The 83-year-old pope presided over an anniversary Mass in St. Peter's Square that started at 6 p.m. (noon EDT) — about the same time that white smoke from a Vatican chimney alerted the world a quarter-century ago that a Polish cardinal named Karol Wojtyla had been elected the first non-Italian pontiff in 455 years.
The crowd broke into applause when a weary-looking John Paul was wheeled out to the altar in his throne-like chair, dressed in golden vestments and a bejeweled miter, or bishop's hat, while a choir sang hymns.
In an opening greeting, Cardinal Joseph Ratzinger, a close papal aide, praised the pope for his tireless work over 25 years.
"You turned to young and old, rich and poor, powerful and humble, and always showed, according to the example of Jesus Christ, a particular love for the poor and the defenseless," Ratzinger said.
CBS News Correspondent Charles D'Agata reports thousands of pilgrims of all nationalities surrounded St. Peter's Square for the celebration mass hours before it was to start, with more of the feeling of an international carnival than a religious gathering.
"There are pilgrims here from all over the world and they are just full of faith and full of joy and celebration," agreed CBS News Early Show co-anchor Harry Smith.
Rick Bennett of Lighthouse Point, Fla., has been to the Vatican before, but told CBS News this time was different.
"We've had a lot of fun seeing all the different people from other countries, dressed in their native outfits," he said.
That includes lots of people from Poland, at the Vatican in full force to honor their hometown boy, and representatives from the 301 Roman parishes John Paul has visited. Millions more were expected to watch on television.
Cardinals from around the world gathered in Rome for the festivities and the Mass.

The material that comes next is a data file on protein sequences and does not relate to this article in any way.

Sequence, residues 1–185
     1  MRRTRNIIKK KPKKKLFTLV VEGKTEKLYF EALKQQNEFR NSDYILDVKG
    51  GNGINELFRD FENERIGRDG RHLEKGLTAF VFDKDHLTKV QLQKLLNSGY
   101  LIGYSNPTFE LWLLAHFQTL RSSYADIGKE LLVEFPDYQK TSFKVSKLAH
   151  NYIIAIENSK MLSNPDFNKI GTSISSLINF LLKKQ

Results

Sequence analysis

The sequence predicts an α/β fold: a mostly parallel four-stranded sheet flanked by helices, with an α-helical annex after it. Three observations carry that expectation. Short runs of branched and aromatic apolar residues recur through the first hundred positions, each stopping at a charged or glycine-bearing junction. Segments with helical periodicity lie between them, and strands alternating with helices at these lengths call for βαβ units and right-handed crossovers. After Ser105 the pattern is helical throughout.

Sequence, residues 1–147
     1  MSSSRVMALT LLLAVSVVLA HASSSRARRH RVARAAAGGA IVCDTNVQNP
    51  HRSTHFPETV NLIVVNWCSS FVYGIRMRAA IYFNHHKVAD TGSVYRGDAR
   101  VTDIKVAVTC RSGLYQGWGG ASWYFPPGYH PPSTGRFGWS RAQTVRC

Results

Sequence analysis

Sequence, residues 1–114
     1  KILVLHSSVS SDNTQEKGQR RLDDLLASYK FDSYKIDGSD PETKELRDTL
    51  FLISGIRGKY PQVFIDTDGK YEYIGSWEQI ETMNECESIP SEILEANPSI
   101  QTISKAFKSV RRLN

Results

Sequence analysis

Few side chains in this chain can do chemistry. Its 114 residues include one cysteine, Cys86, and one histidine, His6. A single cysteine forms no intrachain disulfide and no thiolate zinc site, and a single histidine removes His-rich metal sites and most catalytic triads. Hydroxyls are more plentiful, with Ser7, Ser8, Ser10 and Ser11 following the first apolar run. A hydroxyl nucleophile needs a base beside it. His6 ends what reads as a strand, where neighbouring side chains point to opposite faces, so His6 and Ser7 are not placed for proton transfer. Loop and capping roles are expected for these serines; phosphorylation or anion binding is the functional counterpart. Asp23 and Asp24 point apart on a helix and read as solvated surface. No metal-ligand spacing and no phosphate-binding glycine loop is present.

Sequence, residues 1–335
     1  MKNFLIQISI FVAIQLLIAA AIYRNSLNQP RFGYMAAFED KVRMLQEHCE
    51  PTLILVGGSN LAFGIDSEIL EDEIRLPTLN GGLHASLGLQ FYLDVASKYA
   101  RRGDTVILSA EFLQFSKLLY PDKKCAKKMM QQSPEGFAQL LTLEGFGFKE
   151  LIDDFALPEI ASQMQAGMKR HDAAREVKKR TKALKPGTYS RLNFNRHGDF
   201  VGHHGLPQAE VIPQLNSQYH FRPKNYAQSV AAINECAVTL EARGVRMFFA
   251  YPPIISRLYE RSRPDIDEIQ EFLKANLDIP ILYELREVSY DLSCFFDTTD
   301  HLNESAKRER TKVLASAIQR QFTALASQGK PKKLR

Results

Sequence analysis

The Vatican was marking the event with great celebration, highlighting the role of John Paul as one of the greatest religious figures of the last century. But the atmosphere in Rome also was bittersweet, because the pope, who suffers from Parkinson's disease, is so clearly ailing.
"He's frail, of course," Washington D.C. Archbishop Theodore McCarrick, who spoke with a pope a week ago, told Smith. "We know he's not this giant that strolled across the pages of history 25 years ago that we all were so fascinated by, but I think his mind is still fine."
Nevertheless, John Paul has continued to defy skeptics by insisting on keeping up with his taxing schedule though he is unable to walk or even stand. He also continues to hold public audiences despite his increasing difficulty speaking, and he has made clear he has no plans to step down.
Eventually, however, McCarrick and the other cardinals — all but five of whom John Paul has appointed — will have to choose his successor.
"Whenever it happens, then I think that the cardinals will want a man who has the same vision, the same understanding of the church, the same understanding of the world as this great pope has had," McCarrick said on The Early Show.